Obama Too Cautious on Ending Employment Bias Against LGBT Community
Last week, Chris Johnson, a reporter for the Washington Blade, asked White House spokesman Jay Carney whether President Obama might finally act on a proposal that gay activists have been pushing in recent years: an executive order blocking federal contractors from discriminating against gay and transgender employees. Carney’s response—essentially, no—received plenty of attention from gay journalists and activists, but didn’t attract much notice in the mainstream press. Which is a shame because the true question here isn’t about federal contractors, employment discrimination, or even gay rights. It’s about what kind of liberal Barack Obama is going to be during his second term.
Throughout the past four years, there often seemed to be a tension in Obama’s worldview, especially when it came to two issues—gay rights and immigration—that fall broadly under the rubric of civil rights. On one hand, the president has always talked about his commitment to making substantial progress on these fronts. Yet, at least during the initial phase of his presidency, he frequently declined to take obvious steps that were available to him on both issues. From the day he took office, Obama could have stopped discharging soldiers from the military for being gay, effectively ending “don’t ask, don’t tell” (DADT) via executive order. He could have ordered federal agents to stop deporting undocumented immigrants who were brought here by their parents, were attending college, and had no criminal record—effectively implementing the DREAM Act. And he could have ordered the Justice Department to stop defending the anti-gay Defense of Marriage Act in court.
At first, he did none of these things. On his watch, gays continued to be discharged from the military and immigrants with genuinely heartbreaking stories continued to live with the threat of deportation. Why? You could say the reason was political—that the president was afraid of moving too far to the left—and perhaps this was the case. But something else seemed to be at work: at least on these issues, Obama appeared to have a surprisingly deep attachment to process. Indeed, he sometimes seemed to place more emphasis on process than on getting his desired outcome. On DADT, Obama insisted that he didn’t have the authority to stop discharging gay soldiers in the absence of congressional support—even though numerous legal experts said he did. On immigration, the administration made the same argument, saying it couldn’t take unilateral action. On the Defense of Marriage Act, Obama insisted that the Justice Department was obligated to defend laws it didn’t like—even though there was precedent suggesting otherwise.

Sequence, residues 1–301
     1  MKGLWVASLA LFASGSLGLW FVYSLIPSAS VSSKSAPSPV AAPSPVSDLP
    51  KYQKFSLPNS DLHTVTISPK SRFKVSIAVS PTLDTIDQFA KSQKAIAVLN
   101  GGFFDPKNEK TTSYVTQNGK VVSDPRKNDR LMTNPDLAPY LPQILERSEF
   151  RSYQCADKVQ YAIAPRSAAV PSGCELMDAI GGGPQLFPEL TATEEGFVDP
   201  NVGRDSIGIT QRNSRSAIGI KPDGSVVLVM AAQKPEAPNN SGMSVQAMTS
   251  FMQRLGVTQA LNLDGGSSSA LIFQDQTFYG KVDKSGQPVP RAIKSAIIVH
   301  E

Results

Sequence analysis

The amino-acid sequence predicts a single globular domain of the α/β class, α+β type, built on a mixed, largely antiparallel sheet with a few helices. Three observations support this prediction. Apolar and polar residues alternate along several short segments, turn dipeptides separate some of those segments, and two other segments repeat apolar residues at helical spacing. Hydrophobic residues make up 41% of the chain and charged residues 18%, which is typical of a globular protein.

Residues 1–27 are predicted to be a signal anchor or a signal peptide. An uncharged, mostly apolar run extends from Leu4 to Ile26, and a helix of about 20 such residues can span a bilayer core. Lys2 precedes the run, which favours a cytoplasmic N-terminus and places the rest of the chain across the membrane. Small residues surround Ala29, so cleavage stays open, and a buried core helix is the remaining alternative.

To many of us, Obama’s ardent attachment to process on these civil-rights issues was confusing and frustrating. It’s true that two liberal values—democratic process and civil rights—were arguably in tension. But Obama’s weighing of these competing values seemed strangely out of whack. In all three cases, the democratic-process arguments against unilateral executive action were tenuous to begin with, and when weighed against the human stakes—discharged soldiers, deported immigrants, legally married spouses unable to enjoy the federal benefits of marriage—they seemed to pale by comparison. If there were any legal ways to move forward, even incrementally, on these issues, it seemed bizarre that a liberal president wouldn’t pursue them as aggressively as possible.